God himself gives Isaiah an answer to this question in verse 13: '"because this nation draws near to me with its mouth and magnifies me with its lips, but its heart is miles away from me, and the fear they have for me is a commandment they learned by rote."' The high calling of servitude -- the abundant life of righteousness and charity to which Israel was invited -- has become a dead thing in corrupted hearts. It has atrophied so that Israel's allegiance to God is now an empty slogan. The people can quote Bible verses without hesitation, but the naked predation and injustice in their society proclaims them to be liars nonetheless.
Something like this happens to everyone who believes. We begin with a real commitment to righteousness, warm and compelling in each present moment. But over time our principles calcify within us and become distant ideas rather than living passions. We take our own goodness for granted and become complacent about actually loving God and neighbour. Israel's failure here is, as always, everyone's failure.
If this is simply our predicament, then maybe revlitalisation means sweeping out the remains of old structures and ways of thinking that have grown dry within us. Maybe that calls for a violent disruption of our favourite routines or most cherished comforts so that the essential reality of who God made us can find new expression in a new way of doing things. Maybe, for fallen creatures, that's what it means to be alive: a continual wreaking of small havocs. Maybe, this side of paradise, we were never really meant to be safe.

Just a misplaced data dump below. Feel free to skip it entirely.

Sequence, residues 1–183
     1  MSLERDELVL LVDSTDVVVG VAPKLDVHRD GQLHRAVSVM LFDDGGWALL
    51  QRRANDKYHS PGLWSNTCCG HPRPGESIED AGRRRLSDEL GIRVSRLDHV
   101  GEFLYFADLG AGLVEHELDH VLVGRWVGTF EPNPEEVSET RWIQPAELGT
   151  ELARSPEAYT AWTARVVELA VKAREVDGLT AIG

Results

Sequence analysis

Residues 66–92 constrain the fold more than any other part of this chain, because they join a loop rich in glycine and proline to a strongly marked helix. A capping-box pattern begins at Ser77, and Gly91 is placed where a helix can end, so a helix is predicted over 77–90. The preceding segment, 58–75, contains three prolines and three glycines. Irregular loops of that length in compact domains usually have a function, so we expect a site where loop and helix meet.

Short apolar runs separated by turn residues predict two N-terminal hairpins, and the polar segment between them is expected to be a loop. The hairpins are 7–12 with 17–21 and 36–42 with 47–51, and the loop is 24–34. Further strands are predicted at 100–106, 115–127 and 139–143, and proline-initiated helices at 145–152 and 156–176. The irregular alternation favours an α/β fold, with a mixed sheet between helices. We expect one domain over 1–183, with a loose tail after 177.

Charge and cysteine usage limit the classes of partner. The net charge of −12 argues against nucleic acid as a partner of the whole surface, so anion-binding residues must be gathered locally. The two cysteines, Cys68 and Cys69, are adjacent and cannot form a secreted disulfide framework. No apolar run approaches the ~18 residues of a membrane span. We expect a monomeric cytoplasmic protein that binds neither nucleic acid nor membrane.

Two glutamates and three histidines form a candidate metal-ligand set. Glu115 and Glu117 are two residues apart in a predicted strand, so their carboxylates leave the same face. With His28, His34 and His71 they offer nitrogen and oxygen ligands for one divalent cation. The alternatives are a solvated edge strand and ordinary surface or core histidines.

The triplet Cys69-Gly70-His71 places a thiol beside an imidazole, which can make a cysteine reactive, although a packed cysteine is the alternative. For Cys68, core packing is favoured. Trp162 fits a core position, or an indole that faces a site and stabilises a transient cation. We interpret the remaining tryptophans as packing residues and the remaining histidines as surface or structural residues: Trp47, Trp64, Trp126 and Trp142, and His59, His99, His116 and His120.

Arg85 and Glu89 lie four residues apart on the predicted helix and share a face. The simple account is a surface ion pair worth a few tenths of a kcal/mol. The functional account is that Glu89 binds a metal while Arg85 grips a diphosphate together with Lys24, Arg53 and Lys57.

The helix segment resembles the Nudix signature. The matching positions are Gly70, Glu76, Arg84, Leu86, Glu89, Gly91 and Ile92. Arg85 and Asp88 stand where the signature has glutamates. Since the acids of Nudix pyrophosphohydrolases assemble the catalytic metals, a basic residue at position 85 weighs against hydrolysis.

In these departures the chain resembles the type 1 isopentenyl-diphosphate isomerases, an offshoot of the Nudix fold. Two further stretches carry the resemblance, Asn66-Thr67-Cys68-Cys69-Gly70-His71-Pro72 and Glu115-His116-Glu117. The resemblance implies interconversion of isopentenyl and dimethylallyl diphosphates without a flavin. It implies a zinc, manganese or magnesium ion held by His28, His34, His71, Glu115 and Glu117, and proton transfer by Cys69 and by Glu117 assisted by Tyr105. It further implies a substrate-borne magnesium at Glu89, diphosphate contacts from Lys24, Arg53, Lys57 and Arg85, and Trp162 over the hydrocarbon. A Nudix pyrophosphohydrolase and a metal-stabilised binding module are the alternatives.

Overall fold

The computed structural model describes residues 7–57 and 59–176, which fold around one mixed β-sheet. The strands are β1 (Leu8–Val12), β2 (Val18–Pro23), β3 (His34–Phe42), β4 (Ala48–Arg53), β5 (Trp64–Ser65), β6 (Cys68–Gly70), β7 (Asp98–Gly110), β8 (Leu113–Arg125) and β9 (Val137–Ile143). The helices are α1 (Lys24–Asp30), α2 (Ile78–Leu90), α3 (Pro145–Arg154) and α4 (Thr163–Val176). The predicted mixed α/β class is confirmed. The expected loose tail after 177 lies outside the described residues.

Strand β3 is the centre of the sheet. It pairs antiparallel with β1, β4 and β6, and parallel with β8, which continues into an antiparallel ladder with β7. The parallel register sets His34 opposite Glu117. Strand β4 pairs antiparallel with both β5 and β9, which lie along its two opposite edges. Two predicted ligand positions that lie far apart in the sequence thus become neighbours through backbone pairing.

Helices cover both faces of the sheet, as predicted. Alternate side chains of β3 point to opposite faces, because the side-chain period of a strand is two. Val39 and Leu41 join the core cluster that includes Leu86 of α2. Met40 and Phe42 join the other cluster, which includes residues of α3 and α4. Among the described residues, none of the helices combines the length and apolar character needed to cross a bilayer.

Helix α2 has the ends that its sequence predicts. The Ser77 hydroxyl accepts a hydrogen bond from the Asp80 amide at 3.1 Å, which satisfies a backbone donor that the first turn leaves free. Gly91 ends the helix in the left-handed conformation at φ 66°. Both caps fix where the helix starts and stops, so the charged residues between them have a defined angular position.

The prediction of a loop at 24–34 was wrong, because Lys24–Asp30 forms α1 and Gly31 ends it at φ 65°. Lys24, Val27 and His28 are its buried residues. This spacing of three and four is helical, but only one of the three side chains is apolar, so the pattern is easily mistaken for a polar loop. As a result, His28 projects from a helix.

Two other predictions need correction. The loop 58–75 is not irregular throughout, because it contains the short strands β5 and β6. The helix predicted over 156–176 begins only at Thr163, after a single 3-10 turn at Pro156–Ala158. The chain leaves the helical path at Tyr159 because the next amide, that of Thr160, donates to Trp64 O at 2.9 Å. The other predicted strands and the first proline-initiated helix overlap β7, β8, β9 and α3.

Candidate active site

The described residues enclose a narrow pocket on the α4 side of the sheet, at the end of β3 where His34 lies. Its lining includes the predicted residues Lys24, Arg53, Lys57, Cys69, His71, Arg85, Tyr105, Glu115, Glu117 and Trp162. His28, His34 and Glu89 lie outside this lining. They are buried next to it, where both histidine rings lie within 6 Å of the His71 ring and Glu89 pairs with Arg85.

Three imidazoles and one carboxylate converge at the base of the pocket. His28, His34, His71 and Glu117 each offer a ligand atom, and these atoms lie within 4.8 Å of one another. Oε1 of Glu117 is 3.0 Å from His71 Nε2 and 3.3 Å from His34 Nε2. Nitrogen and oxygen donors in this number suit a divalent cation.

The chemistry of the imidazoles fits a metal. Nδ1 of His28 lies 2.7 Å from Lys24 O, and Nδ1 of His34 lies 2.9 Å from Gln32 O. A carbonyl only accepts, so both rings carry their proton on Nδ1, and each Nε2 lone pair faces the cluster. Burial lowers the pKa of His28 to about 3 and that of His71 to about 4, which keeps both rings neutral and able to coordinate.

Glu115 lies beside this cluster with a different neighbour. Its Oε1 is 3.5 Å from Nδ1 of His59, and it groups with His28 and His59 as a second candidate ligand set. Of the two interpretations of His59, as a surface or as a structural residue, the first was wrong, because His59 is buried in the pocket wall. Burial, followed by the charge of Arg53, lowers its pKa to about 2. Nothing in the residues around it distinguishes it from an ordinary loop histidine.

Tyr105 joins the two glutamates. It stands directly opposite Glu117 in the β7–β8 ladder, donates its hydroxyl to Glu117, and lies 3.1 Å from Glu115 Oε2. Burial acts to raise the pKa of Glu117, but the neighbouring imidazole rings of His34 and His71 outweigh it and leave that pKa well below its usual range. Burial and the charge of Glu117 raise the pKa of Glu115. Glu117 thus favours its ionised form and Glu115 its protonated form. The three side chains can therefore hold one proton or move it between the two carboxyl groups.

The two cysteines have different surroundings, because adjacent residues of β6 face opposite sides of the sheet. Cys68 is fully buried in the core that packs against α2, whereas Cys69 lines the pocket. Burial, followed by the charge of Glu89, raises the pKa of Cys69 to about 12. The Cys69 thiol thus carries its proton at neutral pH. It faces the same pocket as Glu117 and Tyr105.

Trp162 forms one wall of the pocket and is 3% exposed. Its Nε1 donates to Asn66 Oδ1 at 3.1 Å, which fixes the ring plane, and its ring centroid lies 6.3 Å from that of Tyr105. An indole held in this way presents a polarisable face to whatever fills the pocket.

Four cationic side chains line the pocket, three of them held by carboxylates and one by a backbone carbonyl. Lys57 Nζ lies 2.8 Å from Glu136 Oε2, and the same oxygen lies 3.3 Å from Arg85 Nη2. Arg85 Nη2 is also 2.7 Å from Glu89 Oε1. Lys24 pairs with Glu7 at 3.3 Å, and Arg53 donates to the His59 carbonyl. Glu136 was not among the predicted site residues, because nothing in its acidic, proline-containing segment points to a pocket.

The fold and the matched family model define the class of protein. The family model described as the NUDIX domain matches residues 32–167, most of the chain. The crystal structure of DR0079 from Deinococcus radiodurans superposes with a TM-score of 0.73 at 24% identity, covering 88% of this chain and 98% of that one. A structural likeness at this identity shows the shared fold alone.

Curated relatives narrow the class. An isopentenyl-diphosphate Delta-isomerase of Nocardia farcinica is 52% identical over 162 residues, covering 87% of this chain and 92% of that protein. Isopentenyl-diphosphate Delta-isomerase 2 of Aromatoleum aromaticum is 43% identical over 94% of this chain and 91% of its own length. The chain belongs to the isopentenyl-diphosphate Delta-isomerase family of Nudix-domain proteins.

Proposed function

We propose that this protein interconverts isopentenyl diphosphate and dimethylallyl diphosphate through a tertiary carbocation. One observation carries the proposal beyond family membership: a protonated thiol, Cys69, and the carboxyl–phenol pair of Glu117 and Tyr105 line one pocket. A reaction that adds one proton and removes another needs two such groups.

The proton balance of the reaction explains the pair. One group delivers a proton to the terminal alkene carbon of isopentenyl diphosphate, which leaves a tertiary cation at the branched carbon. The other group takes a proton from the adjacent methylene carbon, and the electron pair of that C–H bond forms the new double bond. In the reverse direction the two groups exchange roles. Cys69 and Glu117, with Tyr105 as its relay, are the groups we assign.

This is a harsh discovery. No one wants to lose hold of prosperity. But what Isaiah has seen in the foregoing chapters is that our best days are as corrupted as our worst. When Israel was throwing raucous victory parties, Isaiah said: the world calls you blessed, but I call you cursed. Even your triumphs need sweeping away and remaking in the image of God.
This is terrible news for us when everything is going great and we're on top of our game. But it's great news in the depths of our sorrows. In crippling grief and unendurable pain, Isaiah says: all this shall pass away. The very city of God, the one thing on earth you thought was stable and trustworthy, could collapse and leave you broken and still you will find: God lives. 'The destitute among the human race will revel in Israel's Sacred One.' 'Out of the depth of the pitch black dark, the eyes of the blind will see' (18-19). It is to those whom this life crushes that God brings comfort. He will sweep all things away to transform them into something better, and blessed is he who welcomes that day.
'God anointed me to bring good news to the poor. He sent me to bandage broken hearts; to announce liberty for hostages and jailbreak for prisoners' (Isaiah 61:1; Luke 4:18). 'It is not the healthy who need a doctor, but the sick' (Mark 2:17). 'Blessed are those who mourn, for they shall be comforted' (Matthew 5:4). It is when you suffer the loss you thought you could never survive that God proclaims: yours is my kingdom. It is to you in your moments of anguish and doubt that he says: I am with you forever. Your job, your relationship, Jerusalem itself: even if all these things fall to pieces at your feet, take heart. God has promised to survive them all.Rejoice evermore,